Well, now we're getting Magic of Standardized Tests Essay. Huffington Post has an essay from Teach Plus KIPPster Chris Hoffman about how deeply invaluable standardized tests are to his classroom practice, because with ESEA being discussed we need to remember how important Big Standardized Tests are for every student, every year in order for
Hoffman's piece is short on words but long on baloney.
He begins with the story of Alex, a student that Hoffman saved by the power of testing. Alex was actually pumped full of two years worth of learning in just one year, and that reminds us once again that you can't actually measure learning in years, but okay. How did testing help Hoffman perform this feat?
Well, before Alex even entered the classroom, Hoffman checked out his standardized test results.* This means one of a couple of things:
1) Hoffman is playing fast and loose with the term "standardized test," because no BS Test that I low of gets results back to teachers before the next school year starts. So Hoffman is talking about some in-house standardized test, which is not at all what ESEA reauthorizers are talking about.
2) California, where Hoffman works, has a speedier turnaround on BS Tests than anyone else I've heard about which, hey, would not be the first time I didn't know something.
3) KIPP schools start in November.
Now, Hoffman acknowledges some limitations:
While these tests never paint a complete picture, they give me a great start. I am able to identify struggling students and make immediate efforts to remedy their skill and knowledge gaps. In the case of Alex, I was able to meet with his parents before the start of the school year to ensure support at home.
Seriously-- you need BS Tests for this? Do you not identify struggling students by talking to their previous teacher, who has whole year's worth of data and personal first-hand information. Is KIPP's grade reporting so weak that it won't identify struggling students? How can that even be? Do the grades tell you what you need to know ("Hey, Alex got a 75 last year-- Alex must be struggling") or do they not reflect anything important ("Hey, Alex got a 95 last year, but the test shows Alex is struggling"). I mean, this is a KIPP school-- I thought you guys had a coherent carefully integrated program. Does it not give you consistent and reliable information about students? Is your school not small enough to allow teachers to communicate directly? And are you telling me that if not for the standardized test results, you would not have bothered to contact Alex's parents?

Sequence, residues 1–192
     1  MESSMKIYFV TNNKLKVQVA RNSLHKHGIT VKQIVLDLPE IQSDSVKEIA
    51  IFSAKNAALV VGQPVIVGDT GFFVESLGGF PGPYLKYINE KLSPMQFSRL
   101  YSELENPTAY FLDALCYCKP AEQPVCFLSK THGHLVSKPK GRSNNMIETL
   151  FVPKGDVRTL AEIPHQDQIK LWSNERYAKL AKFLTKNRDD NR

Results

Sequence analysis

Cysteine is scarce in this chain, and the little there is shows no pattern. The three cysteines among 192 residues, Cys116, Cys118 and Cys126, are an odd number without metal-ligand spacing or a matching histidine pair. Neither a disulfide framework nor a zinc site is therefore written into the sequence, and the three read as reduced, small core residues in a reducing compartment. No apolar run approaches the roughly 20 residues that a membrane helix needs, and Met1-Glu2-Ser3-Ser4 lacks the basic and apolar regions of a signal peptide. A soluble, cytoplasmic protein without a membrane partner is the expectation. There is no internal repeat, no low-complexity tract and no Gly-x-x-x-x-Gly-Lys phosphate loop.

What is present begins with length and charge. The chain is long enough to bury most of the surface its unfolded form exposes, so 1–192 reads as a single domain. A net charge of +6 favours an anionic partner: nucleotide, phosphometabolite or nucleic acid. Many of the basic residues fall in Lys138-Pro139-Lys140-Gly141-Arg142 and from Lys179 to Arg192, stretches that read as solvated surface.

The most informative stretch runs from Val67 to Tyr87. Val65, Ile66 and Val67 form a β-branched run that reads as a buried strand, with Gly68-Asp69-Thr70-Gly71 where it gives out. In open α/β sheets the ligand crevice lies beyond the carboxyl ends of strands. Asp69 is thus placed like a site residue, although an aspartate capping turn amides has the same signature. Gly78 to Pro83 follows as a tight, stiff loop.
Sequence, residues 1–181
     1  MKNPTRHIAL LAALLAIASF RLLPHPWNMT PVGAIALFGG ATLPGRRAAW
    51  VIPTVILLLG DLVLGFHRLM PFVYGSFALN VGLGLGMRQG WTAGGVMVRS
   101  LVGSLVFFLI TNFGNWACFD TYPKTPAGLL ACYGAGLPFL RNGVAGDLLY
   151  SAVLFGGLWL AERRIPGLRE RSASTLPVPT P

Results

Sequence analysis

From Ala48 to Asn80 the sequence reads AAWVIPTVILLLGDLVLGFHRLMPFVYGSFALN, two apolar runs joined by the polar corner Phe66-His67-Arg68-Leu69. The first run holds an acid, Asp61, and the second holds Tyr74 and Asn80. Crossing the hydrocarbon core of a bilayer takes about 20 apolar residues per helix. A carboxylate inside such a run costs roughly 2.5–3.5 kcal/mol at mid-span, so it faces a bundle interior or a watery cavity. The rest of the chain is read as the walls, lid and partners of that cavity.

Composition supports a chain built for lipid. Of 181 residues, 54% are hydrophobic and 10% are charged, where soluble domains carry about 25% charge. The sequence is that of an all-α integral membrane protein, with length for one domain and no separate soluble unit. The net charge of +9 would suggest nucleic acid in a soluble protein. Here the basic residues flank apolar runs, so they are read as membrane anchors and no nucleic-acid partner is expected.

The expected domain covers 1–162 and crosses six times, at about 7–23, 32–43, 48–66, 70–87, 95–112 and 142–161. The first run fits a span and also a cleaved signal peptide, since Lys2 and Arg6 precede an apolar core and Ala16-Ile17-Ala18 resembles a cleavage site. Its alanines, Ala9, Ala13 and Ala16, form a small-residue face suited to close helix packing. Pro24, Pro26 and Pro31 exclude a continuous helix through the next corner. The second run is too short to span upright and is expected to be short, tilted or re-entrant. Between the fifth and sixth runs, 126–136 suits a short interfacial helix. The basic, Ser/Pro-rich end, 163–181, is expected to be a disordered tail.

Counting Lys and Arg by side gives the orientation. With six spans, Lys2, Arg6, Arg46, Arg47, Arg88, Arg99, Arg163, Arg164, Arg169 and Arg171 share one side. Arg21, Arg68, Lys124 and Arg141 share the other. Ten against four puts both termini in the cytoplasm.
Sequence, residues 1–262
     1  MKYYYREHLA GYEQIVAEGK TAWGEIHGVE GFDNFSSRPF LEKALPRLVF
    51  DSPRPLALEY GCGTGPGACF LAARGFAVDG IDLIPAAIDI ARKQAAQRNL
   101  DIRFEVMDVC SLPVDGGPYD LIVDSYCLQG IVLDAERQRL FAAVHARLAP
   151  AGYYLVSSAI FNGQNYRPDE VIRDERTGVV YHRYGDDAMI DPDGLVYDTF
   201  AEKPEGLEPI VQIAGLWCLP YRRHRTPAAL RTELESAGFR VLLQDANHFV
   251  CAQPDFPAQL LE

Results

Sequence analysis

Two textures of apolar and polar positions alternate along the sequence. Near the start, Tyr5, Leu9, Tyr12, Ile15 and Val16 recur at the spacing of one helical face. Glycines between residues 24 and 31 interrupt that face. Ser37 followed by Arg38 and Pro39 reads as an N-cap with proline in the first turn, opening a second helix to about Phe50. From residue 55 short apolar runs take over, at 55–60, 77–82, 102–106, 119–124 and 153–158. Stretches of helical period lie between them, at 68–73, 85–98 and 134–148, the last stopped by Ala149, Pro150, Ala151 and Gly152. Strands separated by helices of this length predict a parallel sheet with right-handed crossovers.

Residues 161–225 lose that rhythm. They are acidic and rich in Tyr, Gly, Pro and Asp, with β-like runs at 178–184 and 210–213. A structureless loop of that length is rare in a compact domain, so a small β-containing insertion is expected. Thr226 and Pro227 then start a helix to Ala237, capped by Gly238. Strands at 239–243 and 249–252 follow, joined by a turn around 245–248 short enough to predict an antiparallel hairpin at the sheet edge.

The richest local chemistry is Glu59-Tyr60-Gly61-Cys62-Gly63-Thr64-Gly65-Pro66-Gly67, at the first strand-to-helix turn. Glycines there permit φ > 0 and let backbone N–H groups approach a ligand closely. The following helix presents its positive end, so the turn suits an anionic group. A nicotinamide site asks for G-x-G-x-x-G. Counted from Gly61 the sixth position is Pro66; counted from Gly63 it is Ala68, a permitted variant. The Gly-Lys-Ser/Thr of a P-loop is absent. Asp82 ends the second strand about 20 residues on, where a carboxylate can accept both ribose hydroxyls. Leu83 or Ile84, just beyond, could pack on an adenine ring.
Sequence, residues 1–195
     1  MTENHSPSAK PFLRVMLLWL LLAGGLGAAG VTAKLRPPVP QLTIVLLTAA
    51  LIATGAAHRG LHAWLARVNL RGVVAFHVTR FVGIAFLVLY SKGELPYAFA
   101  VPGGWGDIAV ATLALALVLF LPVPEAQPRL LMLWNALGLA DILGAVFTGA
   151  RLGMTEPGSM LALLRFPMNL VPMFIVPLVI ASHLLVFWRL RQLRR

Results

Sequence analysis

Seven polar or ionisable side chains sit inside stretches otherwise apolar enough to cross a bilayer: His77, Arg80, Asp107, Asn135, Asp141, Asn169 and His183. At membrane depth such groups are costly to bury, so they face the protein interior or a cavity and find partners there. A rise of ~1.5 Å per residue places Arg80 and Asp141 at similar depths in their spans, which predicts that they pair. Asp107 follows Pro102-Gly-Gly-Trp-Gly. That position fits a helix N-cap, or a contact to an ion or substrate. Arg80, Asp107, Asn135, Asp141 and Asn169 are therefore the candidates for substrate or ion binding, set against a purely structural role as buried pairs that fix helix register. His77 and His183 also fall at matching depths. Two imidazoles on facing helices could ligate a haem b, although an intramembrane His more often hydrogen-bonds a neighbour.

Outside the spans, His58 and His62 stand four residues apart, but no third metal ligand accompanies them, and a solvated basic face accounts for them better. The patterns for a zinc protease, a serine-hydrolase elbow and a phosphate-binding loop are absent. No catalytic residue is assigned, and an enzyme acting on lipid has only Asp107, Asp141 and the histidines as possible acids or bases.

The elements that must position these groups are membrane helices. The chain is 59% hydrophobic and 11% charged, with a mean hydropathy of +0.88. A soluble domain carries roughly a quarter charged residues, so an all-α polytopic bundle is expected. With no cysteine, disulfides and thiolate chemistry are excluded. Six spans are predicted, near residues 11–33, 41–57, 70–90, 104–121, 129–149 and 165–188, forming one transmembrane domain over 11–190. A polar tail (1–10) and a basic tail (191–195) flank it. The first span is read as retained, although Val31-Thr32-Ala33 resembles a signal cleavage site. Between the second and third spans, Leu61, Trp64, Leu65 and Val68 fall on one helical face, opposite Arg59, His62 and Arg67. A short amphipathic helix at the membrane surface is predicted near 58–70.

Hoffman says that talking to the parents clued him in to Alex's need to have a low-distraction seat in the classroom, and that's great-- but how do we give the standardized test credit for that. And once again, wouldn't that sort of information come easily through staff communication? Don't KIPP teachers talk to each other?
Hoffman makes the case for "every year" by admitting that a single test is just a single data point, so it could be an outlier. But hey-- three data points going into fourth grade. That would totally clarify the picture.
I fear that without yearly testing teachers would lose the perspective provided by a longitudinal view of their students.
Longitudinal picture my Aunt Fanny. Do KIPP teachers not give assignments and grades and stuff? Do they not talk to each other?
It looks like they do, because Hoffman's next paragraph paints a pictures of KIPP teachers in team meetings poring over BS Test results to find blind spots in their curriculum. So KIPP teachers do talk to each other.
Identifying a student's strengths and weaknesses, tweaking individual instruction, getting holes in the program filled in-- these are all perfectly good goals. What Hoffman and the other acolytes of BS Testing consistently fail to do is show why standardized testing is the best way to accomplish any of these goals. Even if I accepted that the tiny little sliver of bad data generated by these lousy tests did have some actual utility, I can still think of a dozen easier, cheaper, more accurate, just plain better ways to accomplish these goals.
But there are two problems with a solution as simple as having teachers talk to each other and share their regular classroom data from the year (because, yes, classroom teachers generate and collect and analyze their own data every minute of every day-- not just one time a year).
Problem number 1: Testing companies don't make money from teacher-generated data
Problem number 2: It's hard to keep teacher-generated data consistently available when your business plan depends on burning and churning staff every year.
But Hoffman's piece (which was apparently part of a weeklong onslaught) is a reminder that the test manufacturers are still working hard to get their product cemented into school law. Those of us who know better need to keep speaking up.
*Okay. In the comments section we learn that yes, CA does get tests back before school starts, but that schools haven't been giving tests long or consistently enough for his point to make sense.